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Spain recognizes Juan Guaidó as interim president of Venezuela

Prime Minister Pedro Sánchez also announces a humanitarian aid program for the crisis-stricken Latin American country

Spain's Prime Minister Pedro Sanchez delivers an official statement on the government's position on the political crisis in Venezuela, in Madrid, Spain.
Spain's Prime Minister Pedro Sanchez delivers an official statement on the government's position on the political crisis in Venezuela, in Madrid, Spain. REUTERS

Spanish Prime Minister Pedro Sánchez held a news conference on Monday at 10am to announce that “Spain officially recognizes Juan Guaidó, the leader of the National Assembly, as the interim president of Venezuela.”

Sánchez also announced that Spain will foster a humanitarian aid plan for Venezuela within the European Union and the United Nations, and asked Guaidó to call elections in the shortest possible delay.

It is the people of Venezuela who must decide their future

Spanish PM Pedro Sánchez

“In the coming hours I will contact European and Latin American governments,” said Sánchez, adding that Guaidó must now “call free elections as soon as possible” because “it is the people of Venezuela who must decide their future, and the international community must respect and verify the outcome.”

In a tweet after the six-minute press conference, Sánchez wrote: “I recognize @jguaido as interim president of Venezuela with a clear horizon: calling free, democratic presidential elections with guarantees and no exclusions. I will not take a step back. For freedom, democracy and concord in #Venezuela.”

Shortly later, Nicolás Maduro of Venezuela called Sánchez “a coward” and accused him of being “a puppet” at the service of the United States and Donald Trump. And Venezuelan Foreign Minister Jorge Arreaza accused CNN, BBC and the Spanish state broadcaster TVE of using “psychological warfare” in their coverage of the situation. Venezuelan dissidents in Spain said they expect the National Assembly to appoint a new ambassador this week to ensure that Venezuela will “rejoin the democratic world.”

 

Britain and Austria

Just minutes after Sánchez’s news conference, other countries including Britain and Austria also officially recognized Guaidó. At 10.09am, Britain’s foreign secretary Jeremy Hunt tweeted that “Nicolas Maduro has not called Presidential elections within 8 day limit we have set. So UK alongside European allies now recognises @jguaido as interim constitutional president until credible elections can be held. Let’s hope this takes us closer to ending humanitarian crisis.”

And in a tweet posted in Spanish at 10.13am, Austrian Chancellor Sebastian Kurz said that “the Maduro regime has refused to date to accept free and fair presidential elections. For this reason, from now on we consider President @jguaido as the legitimate interim president in compliance with the Venezuelan Constitution.”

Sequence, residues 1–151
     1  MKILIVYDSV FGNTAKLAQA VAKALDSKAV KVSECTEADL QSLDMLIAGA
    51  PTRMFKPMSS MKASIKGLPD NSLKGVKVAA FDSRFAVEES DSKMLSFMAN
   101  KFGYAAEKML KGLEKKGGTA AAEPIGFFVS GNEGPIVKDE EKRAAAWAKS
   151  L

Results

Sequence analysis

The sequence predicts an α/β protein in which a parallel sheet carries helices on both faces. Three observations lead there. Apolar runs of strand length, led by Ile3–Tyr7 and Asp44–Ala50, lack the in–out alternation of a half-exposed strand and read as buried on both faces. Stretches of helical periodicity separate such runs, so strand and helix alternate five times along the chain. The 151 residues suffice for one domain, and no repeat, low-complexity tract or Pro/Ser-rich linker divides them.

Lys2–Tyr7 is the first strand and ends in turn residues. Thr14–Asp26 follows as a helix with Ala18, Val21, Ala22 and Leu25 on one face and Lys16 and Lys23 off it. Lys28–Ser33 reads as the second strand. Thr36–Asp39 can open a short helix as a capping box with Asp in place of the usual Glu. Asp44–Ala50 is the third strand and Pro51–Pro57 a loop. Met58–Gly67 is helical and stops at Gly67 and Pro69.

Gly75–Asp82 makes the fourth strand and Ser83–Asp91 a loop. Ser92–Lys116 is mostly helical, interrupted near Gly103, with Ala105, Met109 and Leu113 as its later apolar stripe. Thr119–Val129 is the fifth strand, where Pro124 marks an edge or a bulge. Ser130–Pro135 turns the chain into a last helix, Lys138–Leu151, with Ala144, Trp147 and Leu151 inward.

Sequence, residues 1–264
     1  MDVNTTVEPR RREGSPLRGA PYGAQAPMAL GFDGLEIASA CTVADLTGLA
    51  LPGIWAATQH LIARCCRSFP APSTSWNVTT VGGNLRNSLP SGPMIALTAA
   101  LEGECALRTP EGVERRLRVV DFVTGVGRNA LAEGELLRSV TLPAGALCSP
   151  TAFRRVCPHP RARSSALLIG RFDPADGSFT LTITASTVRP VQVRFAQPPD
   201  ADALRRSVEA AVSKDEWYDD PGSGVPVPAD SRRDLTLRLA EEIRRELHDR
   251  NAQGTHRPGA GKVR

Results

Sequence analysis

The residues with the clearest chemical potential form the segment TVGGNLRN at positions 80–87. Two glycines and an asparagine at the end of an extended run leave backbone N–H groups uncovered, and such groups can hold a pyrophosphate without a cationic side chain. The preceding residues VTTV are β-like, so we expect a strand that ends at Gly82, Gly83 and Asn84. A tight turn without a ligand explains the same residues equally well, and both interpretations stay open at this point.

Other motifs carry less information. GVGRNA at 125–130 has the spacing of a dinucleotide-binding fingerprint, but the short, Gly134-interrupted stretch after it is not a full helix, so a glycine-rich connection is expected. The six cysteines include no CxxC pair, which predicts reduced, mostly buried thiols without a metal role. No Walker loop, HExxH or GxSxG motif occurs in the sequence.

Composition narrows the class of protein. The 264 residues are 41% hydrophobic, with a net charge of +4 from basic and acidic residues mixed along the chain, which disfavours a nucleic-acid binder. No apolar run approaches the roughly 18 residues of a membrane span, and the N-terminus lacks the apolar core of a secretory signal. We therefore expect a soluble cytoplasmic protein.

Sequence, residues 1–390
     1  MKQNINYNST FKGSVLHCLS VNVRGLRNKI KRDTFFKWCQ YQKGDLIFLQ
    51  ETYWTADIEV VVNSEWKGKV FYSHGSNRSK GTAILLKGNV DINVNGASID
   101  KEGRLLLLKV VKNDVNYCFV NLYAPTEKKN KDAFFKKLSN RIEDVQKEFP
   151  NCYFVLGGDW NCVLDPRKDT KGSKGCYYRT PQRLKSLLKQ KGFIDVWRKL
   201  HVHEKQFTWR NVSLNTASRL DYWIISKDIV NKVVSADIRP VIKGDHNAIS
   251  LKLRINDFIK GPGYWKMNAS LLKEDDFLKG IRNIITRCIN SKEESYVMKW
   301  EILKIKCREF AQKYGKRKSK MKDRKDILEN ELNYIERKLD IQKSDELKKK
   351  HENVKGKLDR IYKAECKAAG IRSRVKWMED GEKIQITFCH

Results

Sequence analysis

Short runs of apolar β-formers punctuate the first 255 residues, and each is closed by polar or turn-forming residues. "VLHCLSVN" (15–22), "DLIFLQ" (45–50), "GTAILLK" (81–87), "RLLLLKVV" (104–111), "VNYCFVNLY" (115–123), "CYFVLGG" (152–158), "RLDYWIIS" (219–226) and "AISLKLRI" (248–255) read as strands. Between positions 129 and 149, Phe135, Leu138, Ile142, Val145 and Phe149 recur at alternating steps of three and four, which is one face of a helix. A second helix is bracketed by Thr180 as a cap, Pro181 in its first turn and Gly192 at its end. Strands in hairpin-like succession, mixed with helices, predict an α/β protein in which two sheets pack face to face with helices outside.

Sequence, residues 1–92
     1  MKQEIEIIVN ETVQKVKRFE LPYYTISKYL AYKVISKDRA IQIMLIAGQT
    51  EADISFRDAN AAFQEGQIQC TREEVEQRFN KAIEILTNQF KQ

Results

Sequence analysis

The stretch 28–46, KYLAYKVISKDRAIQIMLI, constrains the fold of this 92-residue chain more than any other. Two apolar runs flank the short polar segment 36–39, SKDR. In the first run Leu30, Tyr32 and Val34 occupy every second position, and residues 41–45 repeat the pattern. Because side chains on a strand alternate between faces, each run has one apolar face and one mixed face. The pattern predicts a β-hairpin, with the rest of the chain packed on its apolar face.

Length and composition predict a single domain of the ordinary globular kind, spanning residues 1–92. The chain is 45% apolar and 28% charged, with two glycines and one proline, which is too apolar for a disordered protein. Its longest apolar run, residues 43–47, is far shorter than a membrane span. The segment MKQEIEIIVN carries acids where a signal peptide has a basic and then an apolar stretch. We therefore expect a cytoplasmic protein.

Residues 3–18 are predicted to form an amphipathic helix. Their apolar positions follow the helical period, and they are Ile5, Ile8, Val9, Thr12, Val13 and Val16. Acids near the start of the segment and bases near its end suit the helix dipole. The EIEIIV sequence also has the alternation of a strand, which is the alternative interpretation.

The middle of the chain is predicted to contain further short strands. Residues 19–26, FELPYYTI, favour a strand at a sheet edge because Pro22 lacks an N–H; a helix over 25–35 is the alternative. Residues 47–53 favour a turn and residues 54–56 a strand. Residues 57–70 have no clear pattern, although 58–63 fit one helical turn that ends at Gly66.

France, Germany, Sweden, Denmark and Latvia also recognized Guaidó on Monday.

EU position

Attempts by the EU to reach a common position in order to recognize Guaidó, at least implicitly, have run into opposition from a group of countries led by Italy. The differing viewpoints among EU members have to do with the wording and the deadlines to recognize the National Assembly leader as the interim president of Venezuela until new elections are called.

Pedro Sánchez speaking at Davos in January.
Pedro Sánchez speaking at Davos in January. AFP

Monday was the deadline that Spain, Germany, France and Britain had given Nicolás Maduro to announce new elections in the crisis-ridden country.

But during a television interview with Spanish network La Sexta, Maduro said he was not contemplating either stepping down or calling new presidential elections: “I don’t take ultimatums from anybody. International politics cannot be based on ultimatums. Why should the EU order a country around?”

The joint EU position was discussed late last week by foreign ministers from the 28 member states gathered at an informal meeting in Bucharest, Romania. While no common statement on Guaidó emerged at that gathering, the EU did agree to create an international contact group to promote new elections in Venezuela.

Spain’s position

Spanish Prime Minister Pedro Sánchez had been facing internal and external pressure to recognize Guaidó as the legitimate president ever since the latter took a public oath on January 23, triggering a wave of support from countries in the Americas.

The US administration contacted the Spanish government right before Guaidó declared himself the new leader, and afterwards, it pressured for Spain and the rest of the European Union to recognize Guaidó and break all dialogue with President Nicolás Maduro.

For days, Sánchez remained silent while other leaders around him, including Emmanuel Macron of France, expressed support for Guaidó. Then, at the World Economic Forum in Davos, Switzerland, the Spanish PM phoned Guaidó and made the first public statements suggesting support for him. A few days later he described Nicolás Maduro as a “tyrant.”

English version by Susana Urra.

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